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Last December, Music Business Worldwide posed the question: ‘Who’s the Biggest Publisher in the World?’ The inquiry was sparked by Sony’s $2.3 billion acquisition of EMI Music Publishing in 2018 and note the contrast: the Jackson Estate and the Mubadala Investment Company. The former is the estate of a once-in-a-generation pop star; the latter is an Abu Dhabi sovereign wealth fund with total assets worth over $300 billion. A slightly odd pairing but one that shows just how far and removed the original artists are from the key stakeholders in the industry. Publishing, like many industries, laid out a welcome mat for finance through the 80s, and that’s where we’re starting this week’s abridged historical lookback at music publishing.
A Story of Four Publishers
By the mid-1980s there were a handful of major music publishers: Warner, Chappell & Co., CBS Songs, and EMI. This relatively new oligopoly holds roots in the 1960s when music executives and labels lined with deep pockets began an accelerated trajectory of collecting small publishers. Not yet even a billion-dollar industry, Freddy Bienstock, a former song plugger that helped place songs on Elvis Presley’s films, started picking up song catalogs in the mid-60s. Bienstock was subject to a 1985 New York Times profile, which talks about how he, along with Rodgers & Hammerstein estates and investment firm Wertheim & Co., purchased the Edward B. Marks catalog for $5 million a couple of years prior. The tension between artists, managers, and labels over these rights goes back to the top of the 20th century, but finance entering this already-fraught relationship pushed artists further away from the bargaining table and put more money in the pocket of spend-ready firms. (A high profile mid-century example of this was when ATV Music Publishing, a part of the British television company Associated Television, bought Northern Songs, which controlled a majority of the Beatles’ catalog.)
$100 million is the price tag that announced a new era of money in music publishing. In 1984, Wertheim & Co. got the crew back together with Bienstock and the Hammerstein estate to buy Chappell (then the world’s largest music publisher) from Polygram. The product of Dutch and German conglomerates, Polygram bought Chappell from its original family owners in 1968. The Wertheim purchase followed a Federal Trade Commission blocked attempted merger between Polygram and Warner Music in March. Wertheim’s investment group’s ownership would be brief, as three years later Warner would purchase Chappell off their hands for $200 million. CBS, burdened with sudden debt after Ted Turner’s failed takeover, let go of CBS Songs to SBK Entertainment for $125 million, only for Thorn-EMI to purchase the company for $337 million three years later. The constant swapping shows that James Harmon, then Wertheim Vice Chairman, understood the direction his business nudged the industry in when speaking to the Los Angeles Times in 1985:
Some people see music publishing as a dull, nickel-and-dime business because publishers collect very modest royalty sums from thousands of copyrights they own or administer all over the world...We saw a business that was consistent, with many different and stable sources of revenues, that didn’t have the volatility of the other more glamorous areas of the entertainment industry, which didn’t require heavy spending and which was only going to increase with the new changes in the delivery of music, namely music videos and compact discs.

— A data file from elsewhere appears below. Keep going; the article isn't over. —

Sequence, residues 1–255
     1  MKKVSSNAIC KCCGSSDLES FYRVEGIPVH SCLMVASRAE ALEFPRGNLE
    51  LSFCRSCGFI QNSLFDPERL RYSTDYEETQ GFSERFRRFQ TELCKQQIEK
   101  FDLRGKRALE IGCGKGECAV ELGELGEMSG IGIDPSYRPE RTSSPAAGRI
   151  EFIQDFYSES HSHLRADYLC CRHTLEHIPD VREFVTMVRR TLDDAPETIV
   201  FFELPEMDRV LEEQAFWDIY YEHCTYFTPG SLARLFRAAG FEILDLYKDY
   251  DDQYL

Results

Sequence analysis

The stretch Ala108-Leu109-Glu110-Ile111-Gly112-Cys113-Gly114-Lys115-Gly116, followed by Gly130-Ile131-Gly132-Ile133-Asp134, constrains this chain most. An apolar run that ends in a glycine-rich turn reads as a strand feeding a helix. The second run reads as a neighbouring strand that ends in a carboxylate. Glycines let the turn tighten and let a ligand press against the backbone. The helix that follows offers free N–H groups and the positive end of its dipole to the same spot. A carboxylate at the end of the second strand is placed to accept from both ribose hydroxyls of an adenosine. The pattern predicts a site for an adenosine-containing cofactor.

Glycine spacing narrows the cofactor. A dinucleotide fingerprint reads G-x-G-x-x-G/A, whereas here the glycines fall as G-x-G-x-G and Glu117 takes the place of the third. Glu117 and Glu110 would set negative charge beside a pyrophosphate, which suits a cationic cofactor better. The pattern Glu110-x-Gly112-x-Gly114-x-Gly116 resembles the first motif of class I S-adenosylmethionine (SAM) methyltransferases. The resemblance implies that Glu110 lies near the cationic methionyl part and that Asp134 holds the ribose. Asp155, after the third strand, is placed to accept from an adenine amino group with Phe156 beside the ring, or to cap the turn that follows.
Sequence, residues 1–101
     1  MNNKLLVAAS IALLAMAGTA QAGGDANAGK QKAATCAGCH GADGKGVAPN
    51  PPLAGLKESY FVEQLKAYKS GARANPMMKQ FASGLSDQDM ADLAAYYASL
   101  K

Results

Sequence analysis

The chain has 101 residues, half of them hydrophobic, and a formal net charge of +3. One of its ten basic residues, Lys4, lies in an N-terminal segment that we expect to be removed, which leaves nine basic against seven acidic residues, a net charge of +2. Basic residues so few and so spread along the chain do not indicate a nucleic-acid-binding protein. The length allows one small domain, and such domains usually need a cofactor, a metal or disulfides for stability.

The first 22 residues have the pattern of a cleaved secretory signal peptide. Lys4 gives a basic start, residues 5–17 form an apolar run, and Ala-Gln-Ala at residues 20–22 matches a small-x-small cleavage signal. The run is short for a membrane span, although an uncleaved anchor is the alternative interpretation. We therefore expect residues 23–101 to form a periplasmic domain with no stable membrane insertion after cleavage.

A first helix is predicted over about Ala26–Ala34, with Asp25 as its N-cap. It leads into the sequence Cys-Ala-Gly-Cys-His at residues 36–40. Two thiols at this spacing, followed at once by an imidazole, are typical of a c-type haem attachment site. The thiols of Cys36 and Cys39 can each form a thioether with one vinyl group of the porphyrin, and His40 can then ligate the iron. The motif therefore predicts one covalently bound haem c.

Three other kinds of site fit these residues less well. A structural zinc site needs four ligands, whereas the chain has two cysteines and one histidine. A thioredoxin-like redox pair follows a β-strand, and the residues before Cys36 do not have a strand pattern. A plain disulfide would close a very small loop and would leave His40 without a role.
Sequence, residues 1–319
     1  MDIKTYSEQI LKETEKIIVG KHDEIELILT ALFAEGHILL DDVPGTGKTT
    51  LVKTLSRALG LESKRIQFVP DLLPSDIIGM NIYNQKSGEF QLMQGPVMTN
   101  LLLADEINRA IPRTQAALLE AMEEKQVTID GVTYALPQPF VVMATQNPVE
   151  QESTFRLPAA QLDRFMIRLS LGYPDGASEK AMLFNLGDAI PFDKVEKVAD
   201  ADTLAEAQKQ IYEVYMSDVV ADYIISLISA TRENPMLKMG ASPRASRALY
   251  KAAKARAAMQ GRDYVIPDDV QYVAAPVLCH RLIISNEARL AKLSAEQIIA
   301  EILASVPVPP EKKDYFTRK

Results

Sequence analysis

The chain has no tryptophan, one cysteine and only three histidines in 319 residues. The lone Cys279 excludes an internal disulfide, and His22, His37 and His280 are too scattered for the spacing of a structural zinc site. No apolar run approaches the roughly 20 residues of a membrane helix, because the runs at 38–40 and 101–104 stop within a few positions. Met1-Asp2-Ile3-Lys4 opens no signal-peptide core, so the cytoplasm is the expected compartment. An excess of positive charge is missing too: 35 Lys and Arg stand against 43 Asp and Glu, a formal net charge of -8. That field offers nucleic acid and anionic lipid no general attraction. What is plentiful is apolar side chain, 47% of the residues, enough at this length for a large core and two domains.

The 80s saw multi-million purchases for catalogs suddenly become the norm. In 1985, the Michael Jackson Estate bought ATV Music for $47.5 million, mostly for the Beatles catalog. Sony, after purchasing CBS Records, wanted to expand into publishing, but since CBS already sold its publishing arm, the Japanese company bought Tree International Publishing for $30 million. This was the last country music publisher that was still run out of Nashville, as smaller firms had been bought out over the prior couple of decades. The 80s closed with a game of publisher musical chairs with nearly everyone seeing a new corporate owner every couple of years with higher and higher price tags attached to successive purchases.
The 90s and the 00s big-name purchases didn't slow down. In 1995, Sony bought half of ATV Music from the Jackson estate for $110 million, more than double what Jackson paid for the company a decade prior. MCA Publishing merged with Polygram in 1998 to create Universal Music Group Publishing, which bought Bertelsmann Music Publishing in 2006, making them the largest music publisher. The price inflation extended to even smaller catalogs, as Berry Gordy sold half of Motown’s publishing to EMI in 1997 for $132 million. The message for anyone with a decent catalog was that there were plenty of buyers ready to take it off your hands for a high price. A decade later, private equity firm Terra Firma bought EMI and after a disastrous few years of management, sold off EMI's publishing wing to the Jackson Estate and Mubadala Investment Company in 2012. Harmon’s might’ve been correct in calling publishing ‘unglamorous’ but he did, along with a number of others in the 80s, figure out a way to at least raise the number of commas next to deals they were signing.
The consolidation of major players within publishing didn’t mean that there was no space for smaller firms. The Hipgnosis Fund, founded in 2018 by Merck Mercuriadis, along with Niles Rodgers, raised over $800 million for the purpose of rounding up popular song rights. Variety reported last fall that they were still on the hunt for smaller publishers to buy. There are also the newer private equity music groups like Round Hill Music, Lyric Capital Group, or even Tempo Music Group, a collaboration between Warner Music Group and Providence, which are all trying to buy up the loose song rights that are still out there.